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Lt. Col. Files to Block DADT Discharge

Lt. Col. Files to Block DADT Discharge

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Lt. Col. Victor Fehrenbach, a highly decorated combat aviator on the verge of being booted from the Air Force because he is gay, filed a request Wednesday afternoon in federal court to stop his discharge under the military's "don't ask, don't tell" policy.

The request, filed in the U.S. district court for the district of Idaho, applies only to Fehrenbach, but its outcome could hold broader implications for the continuing legal and political battles against the discriminatory policy. If granted, it would mark the first such time such a court order would prevent the Pentagon from discharging a service member under "don't ask, don't tell." Granting the request would preserve the status quo until a more complete hearing can be held on the merits of the case.

Fehrenbach, just 13 months shy of his 20-year retirement, is believed to be the highest-ranking officer currently facing discharge under the "don't ask, don't tell" policy. His distinguished service record includes 90 combat missions flown in Iraq, Afghanistan, and Kosovo, with training that is estimated to be worth $25 million. The Air Force Personnel Board recently made a recommendation on his case to Air Force secretary Michael Donley, and barring a last-minute intervention from the secretary, without the emergency court order, he could be discharged within days.

"I have been waiting more than two years for the Air Force to do the right thing by letting me continue to proudly serve my country," said Fehrenbach in a statement issued by Servicemembers Legal Defense Network. "To say that I'm disappointed with where things stand would be a monumental understatement. I have given my entire adult life to the Air Force that I love. I have deployed six times and risked my life for my country. In the two years that I've been sitting at my desk rather than inside my jet, I've offered to deploy numerous times. I'm ready, willing, and able to deploy tomorrow, but I'm barred from deployment, because of this unjust, discriminatory law. Meanwhile, moms and dads, sons and daughters, and my friends go back for the third, fourth, fifth deployments. While our country is engaged in two wars, my service is needed now more than ever."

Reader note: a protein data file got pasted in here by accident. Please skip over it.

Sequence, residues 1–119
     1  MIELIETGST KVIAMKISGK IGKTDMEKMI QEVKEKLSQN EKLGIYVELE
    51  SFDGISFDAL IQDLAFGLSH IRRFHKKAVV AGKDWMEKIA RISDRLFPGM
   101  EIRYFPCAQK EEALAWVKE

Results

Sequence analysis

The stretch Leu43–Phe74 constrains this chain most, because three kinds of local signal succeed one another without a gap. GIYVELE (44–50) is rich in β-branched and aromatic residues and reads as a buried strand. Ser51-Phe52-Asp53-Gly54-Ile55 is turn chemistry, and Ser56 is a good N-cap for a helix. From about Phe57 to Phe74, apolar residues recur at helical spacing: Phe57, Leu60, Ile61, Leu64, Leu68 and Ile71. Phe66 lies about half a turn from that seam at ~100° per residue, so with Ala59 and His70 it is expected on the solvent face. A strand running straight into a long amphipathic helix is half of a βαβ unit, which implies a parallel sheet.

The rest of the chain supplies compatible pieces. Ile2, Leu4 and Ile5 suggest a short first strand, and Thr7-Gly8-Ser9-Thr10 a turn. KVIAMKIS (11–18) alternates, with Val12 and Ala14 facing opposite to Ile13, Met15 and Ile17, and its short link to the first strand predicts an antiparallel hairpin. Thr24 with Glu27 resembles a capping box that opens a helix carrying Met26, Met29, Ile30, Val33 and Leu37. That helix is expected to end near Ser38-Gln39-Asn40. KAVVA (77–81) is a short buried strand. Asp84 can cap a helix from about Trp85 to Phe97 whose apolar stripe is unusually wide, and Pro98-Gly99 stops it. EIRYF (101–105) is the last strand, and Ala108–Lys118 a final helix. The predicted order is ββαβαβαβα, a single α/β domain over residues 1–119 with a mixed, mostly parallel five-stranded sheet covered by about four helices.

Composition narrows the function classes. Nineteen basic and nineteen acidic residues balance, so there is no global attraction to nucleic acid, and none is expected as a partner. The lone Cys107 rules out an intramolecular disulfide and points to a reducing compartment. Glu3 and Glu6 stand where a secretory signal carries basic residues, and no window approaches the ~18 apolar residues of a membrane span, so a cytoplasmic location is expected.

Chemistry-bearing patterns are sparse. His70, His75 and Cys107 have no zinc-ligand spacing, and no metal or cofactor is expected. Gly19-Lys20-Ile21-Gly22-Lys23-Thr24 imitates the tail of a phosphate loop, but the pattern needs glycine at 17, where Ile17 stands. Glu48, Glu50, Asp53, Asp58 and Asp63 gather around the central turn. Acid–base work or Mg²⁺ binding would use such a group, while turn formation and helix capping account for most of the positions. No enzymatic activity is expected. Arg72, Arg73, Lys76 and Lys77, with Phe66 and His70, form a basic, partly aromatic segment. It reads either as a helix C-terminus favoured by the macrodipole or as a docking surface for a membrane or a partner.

SLDN and Morrison and Foerster LLP, which filed the request on behalf of Fehrenbach, argue in their filing that "the government cannot establish that his continued service on active duty hinders 'morale, good order and discipline, and unit cohesion.'" They cite recent Pentagon revisions to the "don't ask, don't tell" policy and the case of Air Force major Margaret Witt in the U.S. court of appeals for the ninth circuit, which includes Idaho.

In Witt's case, according to SLDN, "The court held that discharging a service member violates the Constitution unless: (1) the government advances 'an important governmental interest;' (2) the government shows the intrusion 'upon the personal and private li[fe]' of a service member 'significantly furthers that interest;' and (3) the government shows the intrusion is 'necessary to further that interest.'"

Although limited to Fehrenbach at this time, how the court responds to the request filed Wednesday could shape subsequent legal efforts to end the policy.

"The emergency temporary restraining order applies to Victor directly, but the larger case would apply facially to all of 'don't ask, don't tell,'" said SLDN spokesman Trevor Thomas.

On the political front, the request arrives just weeks before the Senate is expected to vote on the DADT repeal that passed the House in May. The Fehrenbach case illustrates the urgent need for lawmakers to act.

"The discharge of Lieutenant Colonel Fehrenbach would dramatically underscore that 'don't ask, don't tell' is still the law and all gay and lesbian service members should be on notice," said SLDN executive director and Army veteran Aubrey Sarvis. "Clearly there is an urgent need for the Senate to act on legislation currently pending that would allow for repeal."
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